Paul invites Tino, Theresa and some other students to his home to work on a science project. When Erik and Arthur (his side-kick and partner in crime, literally) arrive they immediately begin taunting Paul’s friends. Paul tries to brush it off but Tino won’t have it; he stands up to Erik and defends himself. Then Erik strikes him—hard and in the face. Paul’s friends immediately pack up and leave. Paul is heartbroken and angry. And, for the first time in his life, he begins to realize he must stand up to Erik.

Luis Cruz pays a visit to Lake Windsor High to confront Erik about the incident at the Fisher house. Luis approaches Erik and his friends, but before a conversation can begin, Arthur (doing Erik’s bidding) strikes him in the head with a metal club. Unbeknownst to those involved, Paul witnesses the encounter. As events unfold it becomes clear that Erik’s behaviors, having gone unchecked, have become increasingly dangerous. That blow to Luis’s head turns out to be fatal; Luis dies days later from a blood clot. Paul can no longer remain silent. He must confront his parents about Erik’s behaviors and he also must share what he’s witnessed with the authorities.

Occasionally, after reading a book I’ve thought, “This is a great book, but the story/circumstances/characters are unlikely. Things like this rarely ever happen.” Then I remember that’s part of the reason that we read. Maybe readers don’t directly know anybody who has dealt with such circumstances, but such things do exist. Reading helps us understand that, and it allows us to explore possibilities and learn from things without having to directly experience them.

Bullies are everywhere; children may face them in school, adults may face them at work. Finding courage and standing up for what’s right is the best way to overcome a bully. We cannot change the actions of others, but we can control how we react to those actions.

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Fat Kid Rules the World: A remarkable book absolutely worthy of its reader’s time.

Fat Kid Rules the World

 

Young Adult

Ages 12 and up

By K.L. Going

224 pages

Putnam

2003

 

I recently learned that a film adaptation of this book is being released so I wanted to review the book. Every reader knows that the book is always better. There are a few exceptions in which the book and movie almost match up in greatness, but that’s a post for another day.

The first time I read this novel, I fell in love. The second time I read it, it happened again. This is the kind of book that makes me want to jump up and punch the air in victory. All the pieces come together just right. There’s nothing contrived or unnatural about the story or the characters. It also has a perfect ending, which marks what could be a beautiful beginning.

Troy Billings, the fat kid, is our narrator. He’s seventeen, a senior in high school, and weighs nearly three hundred pounds. When the story opens, he is standing on a subway platform in New York City contemplating suicide. He hates his life, hates being fat. He’s convinced everyone is always looking at him, judging him, hating him. They hate him for taking up too much space, for even existing. Because of his weight, he carefully considers every single thing he does, every move he makes. He’s careful in the way he walks so that he doesn’t work up a sweat. He’s careful in the way he breathes so that his cheeks don’t puff up. He also gives titles to his situations: “Fat Kid Messes Up” or “Fat Kid Hallucinates About Cool Friend.”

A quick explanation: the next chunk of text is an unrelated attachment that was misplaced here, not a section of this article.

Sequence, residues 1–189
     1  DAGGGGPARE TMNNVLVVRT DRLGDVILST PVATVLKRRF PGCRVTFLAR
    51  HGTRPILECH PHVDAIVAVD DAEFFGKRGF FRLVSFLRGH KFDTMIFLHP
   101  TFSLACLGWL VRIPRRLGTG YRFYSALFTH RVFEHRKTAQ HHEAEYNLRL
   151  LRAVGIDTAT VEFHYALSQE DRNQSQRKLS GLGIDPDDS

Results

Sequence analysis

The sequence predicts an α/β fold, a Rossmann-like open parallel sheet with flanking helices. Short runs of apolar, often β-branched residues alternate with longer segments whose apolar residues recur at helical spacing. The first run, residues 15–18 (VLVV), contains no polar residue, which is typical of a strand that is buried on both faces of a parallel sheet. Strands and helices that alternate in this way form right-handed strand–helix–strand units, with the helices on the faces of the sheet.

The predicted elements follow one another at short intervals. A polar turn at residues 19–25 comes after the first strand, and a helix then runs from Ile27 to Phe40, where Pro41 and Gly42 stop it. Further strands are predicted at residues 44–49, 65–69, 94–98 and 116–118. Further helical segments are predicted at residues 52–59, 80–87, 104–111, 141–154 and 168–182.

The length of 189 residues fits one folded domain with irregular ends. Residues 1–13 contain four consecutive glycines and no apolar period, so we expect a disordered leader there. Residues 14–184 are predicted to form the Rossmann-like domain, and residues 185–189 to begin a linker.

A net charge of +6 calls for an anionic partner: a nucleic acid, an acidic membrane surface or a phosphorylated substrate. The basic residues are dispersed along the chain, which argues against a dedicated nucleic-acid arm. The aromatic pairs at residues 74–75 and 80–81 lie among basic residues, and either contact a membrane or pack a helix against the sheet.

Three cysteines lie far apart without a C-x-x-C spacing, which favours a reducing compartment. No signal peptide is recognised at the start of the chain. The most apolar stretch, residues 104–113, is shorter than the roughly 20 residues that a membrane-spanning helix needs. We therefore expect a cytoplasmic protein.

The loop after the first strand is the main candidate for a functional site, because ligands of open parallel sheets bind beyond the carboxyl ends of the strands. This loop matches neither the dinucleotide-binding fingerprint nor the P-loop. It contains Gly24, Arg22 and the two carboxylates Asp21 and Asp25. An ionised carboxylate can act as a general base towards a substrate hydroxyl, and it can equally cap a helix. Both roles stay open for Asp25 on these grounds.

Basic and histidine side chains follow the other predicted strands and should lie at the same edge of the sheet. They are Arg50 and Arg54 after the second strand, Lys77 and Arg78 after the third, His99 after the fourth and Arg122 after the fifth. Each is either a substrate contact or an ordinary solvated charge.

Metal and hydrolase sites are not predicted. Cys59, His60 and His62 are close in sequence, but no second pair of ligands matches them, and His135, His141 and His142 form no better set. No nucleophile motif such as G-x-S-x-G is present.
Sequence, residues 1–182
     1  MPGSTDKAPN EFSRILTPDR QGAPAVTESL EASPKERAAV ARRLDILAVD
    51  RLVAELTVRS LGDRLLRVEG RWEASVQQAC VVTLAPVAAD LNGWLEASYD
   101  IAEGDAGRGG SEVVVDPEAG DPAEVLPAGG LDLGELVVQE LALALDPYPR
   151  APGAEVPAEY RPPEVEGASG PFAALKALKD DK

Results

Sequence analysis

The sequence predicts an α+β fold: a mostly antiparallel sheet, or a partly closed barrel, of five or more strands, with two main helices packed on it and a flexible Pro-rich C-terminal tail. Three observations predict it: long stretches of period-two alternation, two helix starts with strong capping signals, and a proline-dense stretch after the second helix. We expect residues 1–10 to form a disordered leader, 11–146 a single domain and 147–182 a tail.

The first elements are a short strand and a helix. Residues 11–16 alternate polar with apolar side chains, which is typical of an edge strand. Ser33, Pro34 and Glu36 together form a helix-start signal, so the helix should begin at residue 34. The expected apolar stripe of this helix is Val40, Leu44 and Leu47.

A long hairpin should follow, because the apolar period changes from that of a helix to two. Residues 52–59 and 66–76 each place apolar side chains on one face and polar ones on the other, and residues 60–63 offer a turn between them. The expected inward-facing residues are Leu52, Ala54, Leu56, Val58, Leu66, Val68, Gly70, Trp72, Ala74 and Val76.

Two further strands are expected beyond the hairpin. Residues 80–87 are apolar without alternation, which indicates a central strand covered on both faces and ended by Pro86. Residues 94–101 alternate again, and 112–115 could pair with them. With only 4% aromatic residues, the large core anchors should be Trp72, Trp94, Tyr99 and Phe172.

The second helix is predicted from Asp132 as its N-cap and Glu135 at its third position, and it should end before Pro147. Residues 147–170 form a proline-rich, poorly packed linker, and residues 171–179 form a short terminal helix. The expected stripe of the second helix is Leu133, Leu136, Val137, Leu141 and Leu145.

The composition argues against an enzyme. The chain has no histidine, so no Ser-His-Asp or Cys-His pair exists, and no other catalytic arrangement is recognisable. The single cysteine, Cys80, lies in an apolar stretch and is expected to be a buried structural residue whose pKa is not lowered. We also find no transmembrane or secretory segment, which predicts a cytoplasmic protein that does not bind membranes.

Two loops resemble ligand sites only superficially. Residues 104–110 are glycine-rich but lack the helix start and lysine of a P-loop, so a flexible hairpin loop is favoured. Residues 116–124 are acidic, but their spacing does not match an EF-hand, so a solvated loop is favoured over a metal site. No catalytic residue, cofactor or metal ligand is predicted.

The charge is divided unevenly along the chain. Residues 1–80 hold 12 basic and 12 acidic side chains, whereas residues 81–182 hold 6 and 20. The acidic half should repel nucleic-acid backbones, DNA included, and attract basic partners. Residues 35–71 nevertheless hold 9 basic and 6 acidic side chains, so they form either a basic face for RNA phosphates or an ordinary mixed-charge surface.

The cool friend is Curt McCrae, a legend at Troy’s high school for being “the only truly homeless, sometimes student, sometimes dropout, punk rock, artist god among us.” Curt distracts Troy from his suicide mission, then convinces Troy to buy him lunch. Much to Troy’s surprise, Curt seems to want to be around him and he even asks Troy to be his drummer in a new band. Even though Troy told Curt he knows how to play drums he doesn’t really. The entirety of Troy’s drumming prowess consists of a few lessons in junior high. He can’t blow his cover though, besides being a rock god, Curt’s the first friend Troy’s had in a very long time.

The very basic plot is this: Troy’s family grew apart when his mom died. Troy got fat, his ex-Marine dad closed up, and his younger jock brother, Dayle, pulled away. Troy has no friends, and no confidence. Meeting Curt, forming a band, and stepping way outside his comfort zone is going to lead to big things for Troy. Things do not go perfectly and the “happy ending” is not delivered as a completely wrapped package. But this book, as a whole, is a perfectly bound story worth every second.

There are two things about this book that defy the usual storybook pattern. First, Troy does not lose weight. He does, however, gain confidence, learn about himself, and learn about how others may, or more surprisingly, may not, view him. All too often, in books, movies and TV shows, for overweight people to gain any sort of confidence or realize their potential they must drop a lot of pounds first. It rarely works that way in real life. One must first tap into whatever inner confidence is available and muster up the ability to make a change. Troy does just this. Though he is convinced that at any moment the rug will be pulled out from under him, that it will all turn out to be some cruel joke, he perseveres.